What is the best width for mountain bike handlebars?

As with any trend or reaction to advancement in one aspect of mountain bike design, handlebar width went too far on the spectrum. Moderate your decision a touch and you’ll find the best fit: which is between 750- and 800mm, and certainly not below or beyond that.

How wide of handlebars should I get?

Stem length also comes into play; typically, the longer your stem, the narrower you may want your bar width. This helps your body stay centered over the bike. If you’re running a stem that is 50 mm or less I’d suggest a 760 mm to 800 mm bar. If your stem is over 50mm, I’d start looking at bars less than 760mm wide.

Are wider MTB bars better?

When it comes to mountain bike handlebars, wider is better. They offer you more control, easier breathing and better positioning for balance. This makes you more stable and slower to fatigue. As with any component so intimately related to fit, handlebar width is relative.

What width handlebars do the pros use?

The answer is simple: aerodynamics. Being so tall, van Schip needs every advantage he can get. Other pros also use relatively narrow bars: 40 and 42 cm are the norm. That got me thinking about the advantages of narrow handlebars.

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Is 800mm handlebar too wide?

The short answer is “yes.” The long answer is, well, kinda long. At six-foot-three-inches tall, an 800mm handlebar allows me to get into a super comfortable and stable position while maintaining a posture that is conducive to both shoulder strength and mobility. A perfect world right there.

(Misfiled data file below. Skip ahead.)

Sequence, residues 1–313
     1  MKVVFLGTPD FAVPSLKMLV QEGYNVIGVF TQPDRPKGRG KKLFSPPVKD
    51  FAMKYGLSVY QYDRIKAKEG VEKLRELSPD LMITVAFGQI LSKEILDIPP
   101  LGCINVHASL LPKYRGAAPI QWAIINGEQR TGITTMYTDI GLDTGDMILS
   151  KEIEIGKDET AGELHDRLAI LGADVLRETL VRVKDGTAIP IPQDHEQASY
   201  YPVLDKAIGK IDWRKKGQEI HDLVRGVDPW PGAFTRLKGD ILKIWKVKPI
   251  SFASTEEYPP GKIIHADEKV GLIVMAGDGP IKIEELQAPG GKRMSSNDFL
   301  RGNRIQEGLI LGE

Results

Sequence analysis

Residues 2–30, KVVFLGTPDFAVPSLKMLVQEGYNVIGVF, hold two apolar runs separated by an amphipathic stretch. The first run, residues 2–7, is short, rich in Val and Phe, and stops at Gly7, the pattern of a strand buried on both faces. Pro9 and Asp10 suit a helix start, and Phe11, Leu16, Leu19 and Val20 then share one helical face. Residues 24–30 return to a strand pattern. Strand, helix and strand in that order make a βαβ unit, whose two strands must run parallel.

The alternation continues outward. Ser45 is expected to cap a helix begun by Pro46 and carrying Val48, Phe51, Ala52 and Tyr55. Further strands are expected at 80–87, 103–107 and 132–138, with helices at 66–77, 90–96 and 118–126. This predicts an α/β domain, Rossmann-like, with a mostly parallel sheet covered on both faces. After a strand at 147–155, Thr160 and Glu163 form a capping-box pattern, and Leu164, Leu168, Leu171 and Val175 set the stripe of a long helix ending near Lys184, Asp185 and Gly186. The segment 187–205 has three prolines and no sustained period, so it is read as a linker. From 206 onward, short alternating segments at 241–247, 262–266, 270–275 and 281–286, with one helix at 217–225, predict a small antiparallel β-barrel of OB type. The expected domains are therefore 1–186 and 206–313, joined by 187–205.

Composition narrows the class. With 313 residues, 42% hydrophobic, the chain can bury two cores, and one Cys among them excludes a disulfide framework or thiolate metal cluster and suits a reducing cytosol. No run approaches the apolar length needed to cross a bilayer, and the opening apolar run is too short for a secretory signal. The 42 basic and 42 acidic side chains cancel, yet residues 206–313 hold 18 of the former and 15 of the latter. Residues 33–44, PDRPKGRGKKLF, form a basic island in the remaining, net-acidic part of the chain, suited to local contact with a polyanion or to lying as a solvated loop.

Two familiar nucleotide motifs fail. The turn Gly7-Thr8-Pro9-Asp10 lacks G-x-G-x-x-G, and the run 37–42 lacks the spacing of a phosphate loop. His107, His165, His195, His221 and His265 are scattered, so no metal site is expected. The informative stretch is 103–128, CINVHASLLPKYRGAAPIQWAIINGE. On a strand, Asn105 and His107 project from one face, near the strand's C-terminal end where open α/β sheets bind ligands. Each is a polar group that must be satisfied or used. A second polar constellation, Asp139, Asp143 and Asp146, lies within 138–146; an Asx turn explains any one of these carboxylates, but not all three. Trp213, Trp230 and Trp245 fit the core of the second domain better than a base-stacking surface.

How do I choose rise on handlebars?

Handlebar Rise

Choosing the right amount of rise usually comes down to rider position on the bike. If the cockpit feels too low (for a taller rider, for example), a riser bar can get grips up into a more comfortable position.

Are drop bars comfortable?

Drop bars give you more hand positions, which results in superior palm comfort and they offer an aerodynamic advantage over flat bars, while flat bars are easier to handle and maneuver with for beginners and give a more comfortable, upright riding position.

Can I cut down MTB handlebars?

Place the handlebars in a bike stand and clamp down so they are parallel with the floor. Use a lock-on grip as a guide if using a hacksaw to ensure a straight cut. Use smooth strokes for a clean cut using a hacksaw and file any sharp edges. Put your bars back on your bike, add grips and accessories.

Why are mountain bike handlebars so low?

Generally speaking, a lower handlebar height reduces your centre of gravity. By placing more weight over the front wheel, you increase traction. Additionally, a lower bar height provides a more centred position between both wheels to improve bike control, especially during climbing.

How long should my MTB Stem be?

On most modern mountain bikes you should be aiming for a stem length somewhere between 50mm and 80mm. Long stems are more stable when climbing using narrow handlebars.

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Where should my handlebars be?

Your handlebars should be at least as high as your seat, or even above it, so you can ride upright. If your handlebars are lower than your seat you’ll be pushed into your handlebars, and you’ll place more stress on your wrists, arms, neck, and back.

Do aero handlebars make a difference?

Recently, bike and component makers have found relatively huge speed gains with sculpted aero road bars and integrated stems. Using teardrop or truncated airfoil shapes, these bars afford a four- to five- watt reduction in drag, according to many companies, when compared to a round bar.

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